Choosing a price for knife sharpening, for me was actually quite difficult and I think that is common thing for folks starting a business. I have adjusted it a few times but have since settled on a price.
How do I do this:
The first thing I did was look around at sharpening services in other parts of North America to get a ball park idea. I can guarantee that my fees are either on par or less and in some cases quite significantly less. I was told by a person, knowledgeable about these things, not to undersell myself. I have been told that a few times and now I don't.
I am quite proud of what I can do with a knife and the $10.00 fee per knife is quite quite reasonable considering what the return is.
Also, one of the things that bothers me about some places is that they seem place an emphasis on the finishing stones grit to determine the cost, i.e. a 5,000 grit finish is less than a 10,000 or 12,000 grit finish. This gives the impression to knife owners that if I want the knife sharper I should get it taken all the way to 10k and pay a little more.
Years ago I fell into this myself and had different edges at different costs, I long ago stopped that since becoming better educated on the effects of sharpening certain knives at different grits.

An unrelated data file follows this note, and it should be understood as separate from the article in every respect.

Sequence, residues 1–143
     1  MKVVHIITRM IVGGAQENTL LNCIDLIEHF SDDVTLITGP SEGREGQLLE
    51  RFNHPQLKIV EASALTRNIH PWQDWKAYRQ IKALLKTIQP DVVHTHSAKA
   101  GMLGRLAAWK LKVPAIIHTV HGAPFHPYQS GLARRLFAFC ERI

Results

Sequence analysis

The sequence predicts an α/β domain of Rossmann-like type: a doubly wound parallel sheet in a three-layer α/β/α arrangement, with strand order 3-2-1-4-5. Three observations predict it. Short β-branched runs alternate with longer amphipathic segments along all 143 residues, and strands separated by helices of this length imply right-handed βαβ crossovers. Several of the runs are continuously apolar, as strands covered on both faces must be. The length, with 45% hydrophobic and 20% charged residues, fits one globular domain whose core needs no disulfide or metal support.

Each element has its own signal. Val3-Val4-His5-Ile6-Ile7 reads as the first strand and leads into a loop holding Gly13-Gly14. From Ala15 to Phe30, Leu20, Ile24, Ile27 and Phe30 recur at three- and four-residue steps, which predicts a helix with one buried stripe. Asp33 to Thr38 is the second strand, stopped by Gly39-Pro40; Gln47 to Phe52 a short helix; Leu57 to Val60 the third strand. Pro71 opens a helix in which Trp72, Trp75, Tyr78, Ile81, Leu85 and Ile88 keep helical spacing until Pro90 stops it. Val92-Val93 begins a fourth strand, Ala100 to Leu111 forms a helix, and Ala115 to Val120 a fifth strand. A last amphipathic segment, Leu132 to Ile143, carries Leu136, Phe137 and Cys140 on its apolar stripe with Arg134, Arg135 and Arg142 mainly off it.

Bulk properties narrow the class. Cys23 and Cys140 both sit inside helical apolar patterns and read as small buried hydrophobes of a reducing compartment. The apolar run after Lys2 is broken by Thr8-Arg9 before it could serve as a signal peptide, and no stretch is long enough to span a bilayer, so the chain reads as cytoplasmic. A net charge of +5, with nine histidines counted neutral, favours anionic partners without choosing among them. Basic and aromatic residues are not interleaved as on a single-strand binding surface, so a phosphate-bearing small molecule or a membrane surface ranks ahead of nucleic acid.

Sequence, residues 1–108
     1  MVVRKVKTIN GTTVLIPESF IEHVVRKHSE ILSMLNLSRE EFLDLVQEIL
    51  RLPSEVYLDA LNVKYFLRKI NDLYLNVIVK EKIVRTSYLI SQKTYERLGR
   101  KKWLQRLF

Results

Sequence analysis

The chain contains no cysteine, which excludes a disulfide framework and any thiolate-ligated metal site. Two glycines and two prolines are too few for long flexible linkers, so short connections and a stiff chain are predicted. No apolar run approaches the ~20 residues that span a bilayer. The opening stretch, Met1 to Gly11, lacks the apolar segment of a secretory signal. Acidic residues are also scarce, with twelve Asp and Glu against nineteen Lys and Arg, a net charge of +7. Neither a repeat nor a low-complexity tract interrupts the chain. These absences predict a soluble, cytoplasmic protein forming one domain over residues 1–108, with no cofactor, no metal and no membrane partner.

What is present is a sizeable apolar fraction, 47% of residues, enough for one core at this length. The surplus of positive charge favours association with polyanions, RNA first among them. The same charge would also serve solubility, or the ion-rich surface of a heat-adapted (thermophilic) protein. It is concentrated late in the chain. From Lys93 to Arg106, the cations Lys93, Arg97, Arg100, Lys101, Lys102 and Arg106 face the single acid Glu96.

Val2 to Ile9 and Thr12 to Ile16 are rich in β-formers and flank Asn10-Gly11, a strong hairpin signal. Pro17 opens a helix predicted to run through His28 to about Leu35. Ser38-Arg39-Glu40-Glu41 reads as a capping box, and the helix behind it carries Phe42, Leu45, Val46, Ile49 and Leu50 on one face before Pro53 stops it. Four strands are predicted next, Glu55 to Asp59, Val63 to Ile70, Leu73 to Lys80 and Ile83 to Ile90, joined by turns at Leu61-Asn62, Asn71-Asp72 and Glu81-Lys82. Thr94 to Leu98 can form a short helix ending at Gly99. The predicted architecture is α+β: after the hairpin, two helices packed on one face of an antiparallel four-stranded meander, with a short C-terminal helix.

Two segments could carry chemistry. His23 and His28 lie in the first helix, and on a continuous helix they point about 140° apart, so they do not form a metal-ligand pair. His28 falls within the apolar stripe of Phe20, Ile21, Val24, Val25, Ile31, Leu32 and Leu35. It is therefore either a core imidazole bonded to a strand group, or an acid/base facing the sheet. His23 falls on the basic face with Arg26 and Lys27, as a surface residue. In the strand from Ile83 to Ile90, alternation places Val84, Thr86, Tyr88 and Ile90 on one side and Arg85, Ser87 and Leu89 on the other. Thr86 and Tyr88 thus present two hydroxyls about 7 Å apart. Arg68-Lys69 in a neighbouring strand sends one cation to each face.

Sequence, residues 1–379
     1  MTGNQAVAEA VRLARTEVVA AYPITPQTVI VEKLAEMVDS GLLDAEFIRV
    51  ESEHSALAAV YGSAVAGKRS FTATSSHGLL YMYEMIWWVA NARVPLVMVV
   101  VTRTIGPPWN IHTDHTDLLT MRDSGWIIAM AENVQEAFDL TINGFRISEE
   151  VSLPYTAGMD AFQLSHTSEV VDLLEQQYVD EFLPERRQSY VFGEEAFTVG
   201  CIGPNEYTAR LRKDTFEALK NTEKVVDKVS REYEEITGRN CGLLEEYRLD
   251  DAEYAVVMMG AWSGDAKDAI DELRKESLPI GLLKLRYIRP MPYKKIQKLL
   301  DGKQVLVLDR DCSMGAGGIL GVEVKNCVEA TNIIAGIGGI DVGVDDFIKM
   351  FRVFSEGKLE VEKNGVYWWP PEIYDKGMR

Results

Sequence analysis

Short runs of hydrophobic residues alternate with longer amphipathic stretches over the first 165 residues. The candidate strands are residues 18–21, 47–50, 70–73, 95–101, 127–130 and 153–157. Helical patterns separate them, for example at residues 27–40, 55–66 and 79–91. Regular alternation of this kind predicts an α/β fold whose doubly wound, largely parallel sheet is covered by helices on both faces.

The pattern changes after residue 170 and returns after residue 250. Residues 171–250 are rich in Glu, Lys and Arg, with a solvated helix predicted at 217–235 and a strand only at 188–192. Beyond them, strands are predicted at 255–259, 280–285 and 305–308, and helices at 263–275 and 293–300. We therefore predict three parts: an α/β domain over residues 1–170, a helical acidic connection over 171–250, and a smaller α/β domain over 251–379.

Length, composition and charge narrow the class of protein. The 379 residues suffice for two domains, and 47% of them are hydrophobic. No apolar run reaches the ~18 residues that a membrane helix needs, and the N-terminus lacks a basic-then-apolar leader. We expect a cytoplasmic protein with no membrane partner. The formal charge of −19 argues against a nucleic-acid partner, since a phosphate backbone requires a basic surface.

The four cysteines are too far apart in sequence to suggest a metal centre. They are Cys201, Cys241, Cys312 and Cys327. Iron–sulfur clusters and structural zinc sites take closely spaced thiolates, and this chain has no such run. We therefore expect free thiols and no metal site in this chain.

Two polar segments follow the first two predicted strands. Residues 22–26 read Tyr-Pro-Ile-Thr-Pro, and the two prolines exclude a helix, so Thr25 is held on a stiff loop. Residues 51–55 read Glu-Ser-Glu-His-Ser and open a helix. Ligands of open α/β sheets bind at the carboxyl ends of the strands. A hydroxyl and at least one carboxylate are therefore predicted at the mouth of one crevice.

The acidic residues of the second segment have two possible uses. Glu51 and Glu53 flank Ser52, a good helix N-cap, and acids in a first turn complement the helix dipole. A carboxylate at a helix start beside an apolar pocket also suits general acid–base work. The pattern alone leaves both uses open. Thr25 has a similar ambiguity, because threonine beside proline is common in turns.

This method of calculating cost is not suitable in my opinion.
Now if you want a knife, any knife sharpened and finished at 16,000 grit just to see what it is like than I will do that but there is no increase in my cost. If I finish your knife at 1k or 16k the cost is $10.00 for any knife under 8 inches.
Choosing the finishing grit must be decided upon by knife being sharpened, not because I want to make people think I got it sharper because I went up to the roof in terms of grits. The fact of the matter is, and I didn't always know this, but increased refinement of many knives can have a negative impact on edge retention. So a 1,000 grit finish is the best finish for so many knives, stainless knives. This in no way means the knife is less sharp, I spend a lot of time working on the knife with a coarse stone to make it sharp and varying pressure to get the edge I need, or rather, the edge you need.
Don't be lured into thinking that a 10,000 grit edge is the best for my knife. It may be, if it is a Japanese knife with a high carbon content than yes, it can handle a higher level of refinement, it will beg for it :)
If the cost of knife sharpening is the most important factor in choosing the sharpening service than I think people need to look around, I don't think they will find anyone that charges less anyway but the point is, if all a person cares about is how much it costs, then I may not be the best guy for that person. Now if the person is worried about the knife and really concerned about how it will be when returned and how it is sharpened, I am definitely the right man:)
Did I thank you for being here?